Winter is a time for me to visit my family and friends in the north of Sweden where I grew up. A city in the 110,000 inhabitants range, the area hosts friends and siblings with degrees ranging from nurse to actor to teacher, with the same kind of lives I once had, too — before Maine, before Deer Isle, long before I'd even heard the word homesteading. Lives with careers and mortgages, lives where smart is a phone, sourdough bread a fashion and organic, locally grown produce increases your status on Facebook.

While many of those visiting our Hostel are farmers and homesteaders themselves, some come from that “city culture” and seem to take their first hesitant steps outside of a flatly paved driveway when they arrive at our place. Wide eyes, a sense of adventure. I appreciate the interest shown in my life and in a more sustainable, conscientious way of living. That is, after all, why we open our home to hundreds of hostel guests every summer, to show that there are alternatives. What's fascinating to me is the very fact that my daily life is fascinating.Anneli homestead in winter2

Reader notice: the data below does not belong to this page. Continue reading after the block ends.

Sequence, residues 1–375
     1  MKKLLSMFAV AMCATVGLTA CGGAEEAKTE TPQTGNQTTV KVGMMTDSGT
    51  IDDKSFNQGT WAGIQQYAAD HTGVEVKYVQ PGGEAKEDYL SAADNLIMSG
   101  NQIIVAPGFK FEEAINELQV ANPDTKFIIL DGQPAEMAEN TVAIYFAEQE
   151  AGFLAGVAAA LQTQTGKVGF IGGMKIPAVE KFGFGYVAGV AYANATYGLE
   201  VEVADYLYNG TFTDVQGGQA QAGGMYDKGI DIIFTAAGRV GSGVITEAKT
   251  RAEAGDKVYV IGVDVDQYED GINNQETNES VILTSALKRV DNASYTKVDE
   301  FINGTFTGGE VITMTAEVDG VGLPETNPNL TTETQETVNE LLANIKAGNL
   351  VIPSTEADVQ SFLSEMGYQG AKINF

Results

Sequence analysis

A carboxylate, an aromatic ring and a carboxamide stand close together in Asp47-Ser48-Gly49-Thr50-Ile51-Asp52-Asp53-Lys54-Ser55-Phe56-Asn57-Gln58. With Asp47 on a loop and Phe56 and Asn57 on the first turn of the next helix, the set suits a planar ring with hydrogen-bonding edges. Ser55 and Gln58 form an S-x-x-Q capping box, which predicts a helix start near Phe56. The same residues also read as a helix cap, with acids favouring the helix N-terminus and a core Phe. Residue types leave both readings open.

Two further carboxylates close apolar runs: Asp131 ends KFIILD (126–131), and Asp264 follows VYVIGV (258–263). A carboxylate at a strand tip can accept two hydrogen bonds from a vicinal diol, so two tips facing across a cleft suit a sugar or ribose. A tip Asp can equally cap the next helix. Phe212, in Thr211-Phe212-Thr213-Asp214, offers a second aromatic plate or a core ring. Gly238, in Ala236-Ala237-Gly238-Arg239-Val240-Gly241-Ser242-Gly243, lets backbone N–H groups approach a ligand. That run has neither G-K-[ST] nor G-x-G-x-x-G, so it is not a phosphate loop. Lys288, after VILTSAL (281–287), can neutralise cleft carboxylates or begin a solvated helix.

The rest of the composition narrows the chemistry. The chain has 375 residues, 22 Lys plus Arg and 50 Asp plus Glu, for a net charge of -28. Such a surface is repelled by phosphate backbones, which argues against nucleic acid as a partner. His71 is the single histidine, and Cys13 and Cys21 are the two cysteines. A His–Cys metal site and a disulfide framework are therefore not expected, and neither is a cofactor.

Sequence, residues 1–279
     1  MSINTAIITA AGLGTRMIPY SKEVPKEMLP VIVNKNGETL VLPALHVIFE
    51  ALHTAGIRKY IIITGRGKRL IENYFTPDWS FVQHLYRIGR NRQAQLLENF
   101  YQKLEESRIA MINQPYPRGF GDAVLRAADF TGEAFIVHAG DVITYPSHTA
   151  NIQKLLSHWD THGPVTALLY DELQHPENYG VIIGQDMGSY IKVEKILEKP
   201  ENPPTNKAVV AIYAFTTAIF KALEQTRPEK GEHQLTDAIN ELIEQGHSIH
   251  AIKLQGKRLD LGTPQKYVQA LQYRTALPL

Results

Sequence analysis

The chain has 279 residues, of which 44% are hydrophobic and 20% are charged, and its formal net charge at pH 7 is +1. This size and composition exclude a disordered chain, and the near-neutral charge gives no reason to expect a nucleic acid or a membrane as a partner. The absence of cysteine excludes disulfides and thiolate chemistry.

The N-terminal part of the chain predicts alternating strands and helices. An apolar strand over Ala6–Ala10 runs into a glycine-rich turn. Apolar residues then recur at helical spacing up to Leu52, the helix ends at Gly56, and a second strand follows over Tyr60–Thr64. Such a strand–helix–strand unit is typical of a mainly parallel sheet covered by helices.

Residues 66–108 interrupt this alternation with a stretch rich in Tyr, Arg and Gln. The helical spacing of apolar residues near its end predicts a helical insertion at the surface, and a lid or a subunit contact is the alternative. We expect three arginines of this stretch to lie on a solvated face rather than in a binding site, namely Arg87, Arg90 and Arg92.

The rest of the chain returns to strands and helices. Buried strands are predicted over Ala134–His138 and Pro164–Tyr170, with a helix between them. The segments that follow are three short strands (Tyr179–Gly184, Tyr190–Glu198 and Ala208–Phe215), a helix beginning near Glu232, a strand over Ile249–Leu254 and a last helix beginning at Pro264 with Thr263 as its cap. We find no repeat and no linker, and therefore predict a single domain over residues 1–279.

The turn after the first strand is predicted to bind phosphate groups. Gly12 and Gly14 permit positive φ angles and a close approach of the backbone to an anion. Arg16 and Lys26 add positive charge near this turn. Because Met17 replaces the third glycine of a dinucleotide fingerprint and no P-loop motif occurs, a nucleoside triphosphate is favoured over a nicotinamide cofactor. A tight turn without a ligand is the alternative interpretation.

“How big is this island again?” someone asked me. The answer — 3,000 inhabitants in winter and 6,000 in summer — usually seems, judging by the facial expression, to fall somewhere between deserted and slightly inhabited.

“And only solar power?” Yes, only solar power. “Do you have a phone?” Yes, of course. We have a hostel, we need a phone. But no cell phone. No one I know has a cell phone, I usually add. The reception is terrible. A moment of silence usually follows, to contemplate this vast unknown. A place with no cell phones.

I've left the cities I once called home, from houses with radiant heat, from apartments and rents and kitchen appliances. From kitchen taps with warm water, 3-minutes showers, outlets with unlimited power in every corner of every room, daily newspaper, daily commute, daily grid. It wasn't for the fame nor glory that I moved across the Atlantic, and it was not for the opportunity to rack up my exoticism credits that I chose a small homestead on a small island in Maine.

Still, my everyday life, the chores and the repetitive routines, as just about all lives have, becomes something extremely fascinating. How many people get to explain how they keep their food cold when talking about what they do nowadays?

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